• Education
  • References

If you already have a resume on your desktop or laptop computer, you can import it to Resume Builder Pro for convenience. There is a free version of the app, but it’s not nearly as dynamic. With the Pro version, you can even get help from a professional editing service that will check your resume for misspellings, awkward phrases, and other common mistakes.



Price: Free, subscription required for some features

System: iOS and Android

Most of today’s companies want to hire professionals who have technology skills. Treehouse offers a learning platform with hundreds of lessons that can teach you skills such as:

  • HTML
  • CSS
  • Ruby
  • PHP
  • Python
  • Mobile app development

The app does more than offer video lessons with basic information. It gives learners a chance to test their skills with challenges that reinforce learning. Within a few weeks, you could complete the lesson tracks needed to qualify for tech-focused positions that require coding and business skills.

Hidden Jobs

hidden jobs

Price: $0.99

System: iOS

The Hidden Jobs app takes an active approach to finding companies with open positions that haven’t been published on job hunting sites. It does this by searching the Internet for articles about company expansions. This information usually gets released before companies know exactly what types of employees they need to hire. If you act quickly, you could have your application in before anyone else. Hidden Jobs also uses Google to push open job alerts to your phone.

101 HR Interview Questions

101 HR interview questions

Price: Free

System: iOS and Android

A lot of people get anxious when preparing for interviews. For these people, writing a resume doesn’t seem difficult because they can always revise. At an interview, though, you can’t revise the words coming out of your mouth. 101 HR Interview Questions helps applicants prepare for the interview process. Once you practice answering common human resources questions, you can walk into the interview feeling confident.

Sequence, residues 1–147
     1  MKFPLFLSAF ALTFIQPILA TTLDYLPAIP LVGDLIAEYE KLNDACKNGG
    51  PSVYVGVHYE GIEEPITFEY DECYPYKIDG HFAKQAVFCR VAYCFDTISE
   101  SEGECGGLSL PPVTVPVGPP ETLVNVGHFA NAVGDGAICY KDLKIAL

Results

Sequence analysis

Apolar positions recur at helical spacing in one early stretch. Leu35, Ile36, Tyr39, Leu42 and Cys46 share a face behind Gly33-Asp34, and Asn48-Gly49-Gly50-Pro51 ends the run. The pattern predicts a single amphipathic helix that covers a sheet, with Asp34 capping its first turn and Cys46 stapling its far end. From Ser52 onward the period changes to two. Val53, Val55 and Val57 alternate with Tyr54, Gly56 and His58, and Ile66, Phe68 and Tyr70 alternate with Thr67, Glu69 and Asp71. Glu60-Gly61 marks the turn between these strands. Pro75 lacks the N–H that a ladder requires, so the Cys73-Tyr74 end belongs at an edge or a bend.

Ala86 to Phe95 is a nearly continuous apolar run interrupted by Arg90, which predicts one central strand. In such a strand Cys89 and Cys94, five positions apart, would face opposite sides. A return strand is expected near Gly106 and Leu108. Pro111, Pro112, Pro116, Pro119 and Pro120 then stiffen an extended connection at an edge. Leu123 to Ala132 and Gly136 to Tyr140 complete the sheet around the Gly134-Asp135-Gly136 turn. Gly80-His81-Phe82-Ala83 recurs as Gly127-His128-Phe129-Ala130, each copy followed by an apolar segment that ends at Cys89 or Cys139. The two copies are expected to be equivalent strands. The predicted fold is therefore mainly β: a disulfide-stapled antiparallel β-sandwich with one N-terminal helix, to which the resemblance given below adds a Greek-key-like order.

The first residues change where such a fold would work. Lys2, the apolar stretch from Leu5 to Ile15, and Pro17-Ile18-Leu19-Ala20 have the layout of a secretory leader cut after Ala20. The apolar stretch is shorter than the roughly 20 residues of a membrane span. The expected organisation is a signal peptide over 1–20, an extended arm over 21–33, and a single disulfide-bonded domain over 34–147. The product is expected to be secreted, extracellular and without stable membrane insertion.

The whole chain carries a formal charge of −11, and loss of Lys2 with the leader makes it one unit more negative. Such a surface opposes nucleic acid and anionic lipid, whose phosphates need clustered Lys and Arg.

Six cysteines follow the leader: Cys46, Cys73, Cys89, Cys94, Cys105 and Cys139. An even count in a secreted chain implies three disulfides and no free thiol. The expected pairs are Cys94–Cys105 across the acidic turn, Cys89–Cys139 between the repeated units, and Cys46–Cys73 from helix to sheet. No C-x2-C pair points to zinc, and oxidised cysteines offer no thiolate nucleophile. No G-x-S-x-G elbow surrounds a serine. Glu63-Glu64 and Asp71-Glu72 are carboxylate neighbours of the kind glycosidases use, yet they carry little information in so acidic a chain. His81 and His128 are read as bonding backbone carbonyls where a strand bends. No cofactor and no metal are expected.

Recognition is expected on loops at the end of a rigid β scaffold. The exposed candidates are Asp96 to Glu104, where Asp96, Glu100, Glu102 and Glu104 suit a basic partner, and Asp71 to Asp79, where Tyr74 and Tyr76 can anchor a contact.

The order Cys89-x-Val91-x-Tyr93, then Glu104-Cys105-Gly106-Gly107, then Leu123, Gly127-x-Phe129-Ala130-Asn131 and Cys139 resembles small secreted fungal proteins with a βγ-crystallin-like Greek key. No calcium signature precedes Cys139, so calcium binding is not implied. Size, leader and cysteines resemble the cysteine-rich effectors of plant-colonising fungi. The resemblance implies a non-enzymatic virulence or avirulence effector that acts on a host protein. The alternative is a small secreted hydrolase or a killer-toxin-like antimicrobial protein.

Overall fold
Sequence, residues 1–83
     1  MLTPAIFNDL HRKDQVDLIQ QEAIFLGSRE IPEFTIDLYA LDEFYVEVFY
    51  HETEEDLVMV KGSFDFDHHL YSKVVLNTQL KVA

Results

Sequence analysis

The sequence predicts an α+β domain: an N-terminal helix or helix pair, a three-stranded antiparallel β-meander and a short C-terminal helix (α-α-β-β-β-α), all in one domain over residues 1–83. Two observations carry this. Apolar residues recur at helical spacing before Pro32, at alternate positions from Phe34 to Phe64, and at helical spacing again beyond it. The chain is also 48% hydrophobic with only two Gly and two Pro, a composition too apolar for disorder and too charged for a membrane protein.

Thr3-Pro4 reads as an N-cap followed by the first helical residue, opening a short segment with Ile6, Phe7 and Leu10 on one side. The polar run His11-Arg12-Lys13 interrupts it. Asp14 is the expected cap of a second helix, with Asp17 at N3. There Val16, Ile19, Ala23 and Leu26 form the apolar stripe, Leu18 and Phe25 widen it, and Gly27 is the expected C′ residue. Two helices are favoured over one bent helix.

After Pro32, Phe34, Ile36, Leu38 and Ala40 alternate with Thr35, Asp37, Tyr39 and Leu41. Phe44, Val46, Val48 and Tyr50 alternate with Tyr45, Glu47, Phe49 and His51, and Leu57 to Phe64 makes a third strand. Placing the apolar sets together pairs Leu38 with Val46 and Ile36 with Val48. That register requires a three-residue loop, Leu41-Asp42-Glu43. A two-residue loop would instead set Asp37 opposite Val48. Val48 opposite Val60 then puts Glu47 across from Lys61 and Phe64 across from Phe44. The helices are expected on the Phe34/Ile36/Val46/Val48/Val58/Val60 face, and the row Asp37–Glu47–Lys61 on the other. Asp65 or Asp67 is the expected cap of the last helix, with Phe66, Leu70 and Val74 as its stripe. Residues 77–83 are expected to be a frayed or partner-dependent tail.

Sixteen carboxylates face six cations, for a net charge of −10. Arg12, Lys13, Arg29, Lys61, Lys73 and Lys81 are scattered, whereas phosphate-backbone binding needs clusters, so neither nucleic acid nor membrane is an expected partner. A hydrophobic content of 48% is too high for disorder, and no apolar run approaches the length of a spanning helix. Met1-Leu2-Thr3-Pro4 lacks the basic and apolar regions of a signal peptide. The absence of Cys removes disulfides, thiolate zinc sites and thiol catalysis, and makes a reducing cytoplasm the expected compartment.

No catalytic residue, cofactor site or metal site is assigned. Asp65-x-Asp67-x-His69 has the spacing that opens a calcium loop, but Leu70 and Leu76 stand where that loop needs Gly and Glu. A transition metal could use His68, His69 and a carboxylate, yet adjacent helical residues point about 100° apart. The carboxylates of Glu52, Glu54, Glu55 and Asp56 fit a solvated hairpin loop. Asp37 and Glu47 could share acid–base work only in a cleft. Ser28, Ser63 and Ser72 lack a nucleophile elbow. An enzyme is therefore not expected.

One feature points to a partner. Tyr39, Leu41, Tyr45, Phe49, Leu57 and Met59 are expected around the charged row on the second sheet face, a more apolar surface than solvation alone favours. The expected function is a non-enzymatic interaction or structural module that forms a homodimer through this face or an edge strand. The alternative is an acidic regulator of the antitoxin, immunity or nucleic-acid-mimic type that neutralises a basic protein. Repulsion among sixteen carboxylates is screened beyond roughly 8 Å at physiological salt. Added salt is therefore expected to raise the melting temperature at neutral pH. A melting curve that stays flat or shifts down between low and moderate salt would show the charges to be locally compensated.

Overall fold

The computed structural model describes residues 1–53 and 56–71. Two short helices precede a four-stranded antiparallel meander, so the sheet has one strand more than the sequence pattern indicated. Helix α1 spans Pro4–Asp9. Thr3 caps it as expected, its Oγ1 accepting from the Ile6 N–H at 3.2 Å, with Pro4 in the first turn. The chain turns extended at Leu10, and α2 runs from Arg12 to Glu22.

Price: Free

System: iOS and Android

Some experts say that between 70 and 80 percent of job openings never get published. LinkedIn helps you build a network of like-minded professionals who can help you find unpublished positions. To get the most out of LinkedIn, you need to present yourself as a professional who knows how to meet goals efficiently. You’ll find the best contacts by updating your job experiences, publishing articles, and joining professional groups.

Business Card Reader Pro

Business Card Reader Pro

Price: $5.99

System: iOS and Android

No one wants to walk around with a wallet full of business cards. Instead, put your smartphone to work for you. Keep things digital by uploading your business cards directly to a smartphone with reliable 4G data. There you can share and store tons of cards no matter where you go.



Price: $5.99

System: iOS

Textilus is the most powerful word processing app for iOS devices. It lets you read, write, and edit everything from Word documents to PDF files. It also lets you convert to different file types so you can send your resume, cover letter, or other documents to hiring managers in formats they prefer. Once you get used to writing and editing with Textilus, you may start typing more on your mobile device than your laptop.

This article was originally posted by Vault Careers

Wisdom Wednesday: The Psychology of the Job Interview

Very few people say they genuinely enjoy job interviews. That makes sense because in the same way that most people dislike taking tests, a job interview is a test. Even those who feel confident about their professional past, are up-to-date with job requirement skills, and don’t possess many potential liabilities still fear facing the unknown. Not many people are good on their feet, and they know it; therefore, each past failure adds another scar to the wound that never had a chance to heal in the first place. While trying to demonstrate the opposite, the job candidate is shrouded in negative emotions and fears.

On the other side of the desk sits the interviewer, who in most cases is aware of not being very good at interviewing because of lack of interviewing experience—unless the person is, say, a recruiter or some part of the staffing function in the human resources department and who interviews routinely. Very few interviewers have taken formal courses about how to become better at interviewing. Typically, an interviewer is less prepared for, less interested in, and less eager about the interview that’s about to take place than the candidate sitting opposite. So, that’s the background to the candidate selection process, which is critical to each side: for the candidate, the issue is a career changer; for the employer, a crucial and important business decision.